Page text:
The roadblocks seem to pile up against Aspen, Utah.

The as-yet-to-be-incorporated town would be located on 8,366 acres in Daniels Canyon, south of Heber City.

But residents in the area and a local water company, anxious to avoid belonging to the planned resort community, have filed four petitions to annex into the nearby town of Daniel.

The Daniel Town Council has accepted two petitions for review: those of Storm Haven, and the Daniels Domestic Water Co. The other two, filed by separate groups of residents on Little Sweden Road, have yet to be officially received for review.

Daniel Mayor Mike Duggin said the 100-or-so Little Sweden residents west of U.S. 40 originally were supposed to be part of Daniel when it incorporated in February 2006 but were drawn out of the final incorporation map.

Six residents on the same street east of U.S. 40 filed a petition Friday morning.

Of the four petitions, the Storm Haven annexation petition would do the most damage to Arizona developer Dean Sellers' plans to incorporate the town he wants to call Aspen. It would eliminate a sufficient number of residents (Sellers needs at least 100) to incorporate.

Sellers says it's a dream for him to build a world-class master-planned town with private money instead of using government subsidies and incentives. Eventually, though studies haven't been completed, the area could include a ski resort.

But that isn't the point, Sellers said.

"We're in this for the people, not for the money," he said during a news conference Friday.

The Storm Haven petition includes residents of the three subdivisions — Storm Haven, Tammy Lane and Crazy Acres — all located in the vicinity of Sellers' land.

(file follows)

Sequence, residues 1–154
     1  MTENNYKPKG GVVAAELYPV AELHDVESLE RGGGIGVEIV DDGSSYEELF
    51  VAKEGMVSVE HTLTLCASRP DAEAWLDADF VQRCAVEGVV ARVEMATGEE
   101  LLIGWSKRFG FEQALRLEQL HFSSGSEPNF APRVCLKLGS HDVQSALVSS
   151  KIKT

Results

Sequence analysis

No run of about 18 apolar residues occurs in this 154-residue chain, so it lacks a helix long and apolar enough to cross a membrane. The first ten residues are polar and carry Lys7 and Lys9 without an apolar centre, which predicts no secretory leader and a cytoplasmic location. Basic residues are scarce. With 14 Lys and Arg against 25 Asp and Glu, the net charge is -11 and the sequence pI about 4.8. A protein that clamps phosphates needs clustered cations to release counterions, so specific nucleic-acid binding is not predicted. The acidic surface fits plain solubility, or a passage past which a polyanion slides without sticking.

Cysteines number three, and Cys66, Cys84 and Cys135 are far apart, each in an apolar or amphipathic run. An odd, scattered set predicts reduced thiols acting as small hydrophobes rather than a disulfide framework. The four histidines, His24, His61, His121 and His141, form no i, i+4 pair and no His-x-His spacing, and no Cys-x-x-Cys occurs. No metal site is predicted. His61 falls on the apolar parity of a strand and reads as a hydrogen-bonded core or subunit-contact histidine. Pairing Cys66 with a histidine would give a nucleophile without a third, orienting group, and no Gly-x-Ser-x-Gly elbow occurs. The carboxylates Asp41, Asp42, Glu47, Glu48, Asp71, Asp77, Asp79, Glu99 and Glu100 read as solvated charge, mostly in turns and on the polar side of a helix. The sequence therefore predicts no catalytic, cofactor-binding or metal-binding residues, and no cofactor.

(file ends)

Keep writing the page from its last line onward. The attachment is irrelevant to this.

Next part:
Storm Haven resident Kasey Bateman and others gathered enough signatures to have what appears to be a valid petition, which Daniel's attorney and recorder are reviewing. Their petition was filed with Daniel seven hours before Sellers filed his petition for incorporation with Wasatch County.

Wasatch County officials said Sellers' petition appeared to comply with the requirements of HB466, passed by the Utah Legislature in February and signed into law by Gov. Jon Huntsman Jr. in March.

Everything complied, except for that pending annexation petition.

But Sellers' attorney, Steven Clyde, said the Storm Haven annexation petition is "fatally defective and deficient in so many ways."

Despite a threat of litigation on Monday, the Daniel Town Council unanimously voted to accept what is known as the Storm Haven annex for review and a similar petition by the Daniels Domestic Water Co., against which Sellers has brought a lawsuit. The water company is a nonprofit corporation that serves some Daniel residents with drinking water.

The company's board voted 65-5 on Nov. 30 to become either Daniel's water department or a special service district of the town.

The vote happened shortly after Sellers had the company president, Lynn Crisler, served with notice and a copy of the lawsuit, said Daniel's mayor, who was at the meeting.

Sellers' West Daniels Land Association sued the water company for what it calls trespassing, involving dumping refuse and other waste products on its property.

Crisler said he was shocked to find out Sellers is suing the water company, because Crisler was under the impression he had an agreement with Sellers for use of that land.

Crisler said the agreement was that Sellers' company would provide security to the area and the water company would maintain a quarter-mile section of road that West Daniels Land workers use.

According to a news release from West Daniels Land, the water company should dispose of refuse at appropriate disposal facilities and that some of the waste may contain hazardous or toxic wastes. Clyde said Friday that an environmental survey will be ordered and said the water company's staff has left gates open that allowed people to trespass on Sellers' land.

Crisler said he is in talks with his attorney about how to proceed.

Despite the apparent roadblocks, Sellers and his attorneys agree that Aspen will move forward.

And they predict that by following the requirements of HB466, they will eventually overcome the challenges they face.

"We would not be here if we didn't feel absolutely confident we're going to prevail at the end of day," Clyde said. "Are there alternatives? Yes. This is the one Mr. Sellers has chosen to follow."